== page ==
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Antisemitism campaigners plan three billboards protest outside Labour HQ

The idea of three adverts as a means of holding people to account has been popularised by Oscar-winning film Three Billboards Outside Ebbing, Missouri.

    A scene from Three Billboards Outside Ebbing, Missouri

    A campaign raising money to display three billboards outside Labour Party headquarters to protest perceived inaction on antisemitism has received more than £3,000 in just a few days.

    A group calling itself Community United against Labour Party Antisemitism (Culpa) is raising the money to pay for the three billboards to “pass along Victoria Street outside Labour HQ, to protest about Jeremy Corbyn’s failure to deal properly with antisemitism in Labour”.

    The idea of the three adverts as a means of holding people to account has been popularised by Oscar-winning film Three Billboards Outside Ebbing, Missouri.

    It tells the tale of a mother who rents three billboards to call attention to her daughter’s unsolved murder. Earlier this month, the “Justice 4 Grenfell” group organised a similar protest around London, with mobile billboards questioning why no arrests had been made in the wake of the Grenfell Tower fire, which left 71 dead last June.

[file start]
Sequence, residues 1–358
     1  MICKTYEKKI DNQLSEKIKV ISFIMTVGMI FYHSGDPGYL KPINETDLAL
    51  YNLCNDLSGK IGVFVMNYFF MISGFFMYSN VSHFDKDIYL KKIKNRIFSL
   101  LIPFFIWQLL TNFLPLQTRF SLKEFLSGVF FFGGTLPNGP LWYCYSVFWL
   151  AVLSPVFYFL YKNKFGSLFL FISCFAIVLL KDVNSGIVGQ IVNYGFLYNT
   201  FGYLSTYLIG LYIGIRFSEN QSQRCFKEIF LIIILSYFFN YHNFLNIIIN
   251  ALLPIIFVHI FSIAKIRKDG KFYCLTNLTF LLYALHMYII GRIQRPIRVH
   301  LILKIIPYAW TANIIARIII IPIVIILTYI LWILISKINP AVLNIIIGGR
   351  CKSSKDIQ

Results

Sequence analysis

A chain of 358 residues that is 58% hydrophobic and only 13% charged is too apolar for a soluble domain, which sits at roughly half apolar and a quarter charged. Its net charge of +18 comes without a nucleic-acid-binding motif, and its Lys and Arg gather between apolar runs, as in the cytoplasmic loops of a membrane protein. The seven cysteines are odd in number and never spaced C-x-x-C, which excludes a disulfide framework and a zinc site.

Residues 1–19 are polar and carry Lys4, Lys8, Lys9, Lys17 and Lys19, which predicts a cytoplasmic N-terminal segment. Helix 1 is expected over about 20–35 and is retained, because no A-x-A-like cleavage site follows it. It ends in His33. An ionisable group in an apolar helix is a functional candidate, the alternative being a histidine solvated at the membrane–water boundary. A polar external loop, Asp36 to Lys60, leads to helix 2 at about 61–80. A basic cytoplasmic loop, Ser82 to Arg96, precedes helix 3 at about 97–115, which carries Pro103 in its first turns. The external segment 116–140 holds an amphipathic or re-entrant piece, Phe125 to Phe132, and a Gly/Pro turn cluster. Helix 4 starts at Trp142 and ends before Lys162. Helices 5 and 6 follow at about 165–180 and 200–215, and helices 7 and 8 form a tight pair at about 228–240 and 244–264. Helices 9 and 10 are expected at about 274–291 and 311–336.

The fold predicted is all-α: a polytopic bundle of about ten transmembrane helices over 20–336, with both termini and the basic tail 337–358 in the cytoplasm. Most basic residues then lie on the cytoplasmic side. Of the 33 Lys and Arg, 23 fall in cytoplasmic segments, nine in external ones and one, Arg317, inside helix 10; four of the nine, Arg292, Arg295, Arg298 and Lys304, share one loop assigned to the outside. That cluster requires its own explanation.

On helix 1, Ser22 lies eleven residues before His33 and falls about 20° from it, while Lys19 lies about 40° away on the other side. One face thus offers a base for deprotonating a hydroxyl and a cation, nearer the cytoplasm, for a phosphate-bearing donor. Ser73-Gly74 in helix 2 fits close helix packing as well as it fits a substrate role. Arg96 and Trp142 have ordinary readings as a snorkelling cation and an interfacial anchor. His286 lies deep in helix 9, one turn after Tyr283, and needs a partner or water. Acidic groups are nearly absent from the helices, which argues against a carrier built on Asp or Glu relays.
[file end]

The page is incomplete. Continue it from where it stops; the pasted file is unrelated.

One of the members of Culpa told the JC the group was “gratified and amazed at how quickly the money has been coming in.

    “We never expected this – we only went live on Thursday – we’re astonished at how quickly it has come in. Given that it’s a tough time for people, and the economy is not exactly booming, it just shows how important this issue is to a vast range of people.”

    He said the organisers – who wish to remain anonymous - were currently looking at the protest taking place in April, after Pesach, and confirmed the wording would follow “the same sort of template to the film”.

    Last year a light aircraft was hired to fly a banner reading “Expel Ken! Corbyn Out”, over Wembley Stadium during the FA Cup semi-final match between Arsenal and Chelsea. The Culpa member confirmed that the previous protest had not been organised by them.

    “The real tipping point was when the former Chief Rabbi, Lord Sacks, spoke out,” he said.

    “To have a major religious figure who was saying he will not talk to the leader of the opposition – if you read it in a novel, you wouldn’t believe it.”

    He described the organisers as “a combination of people who care about the Labour Party, others who care about having a credible opposition, and people who are just fighting antisemitism. It’s a broad coalition”.

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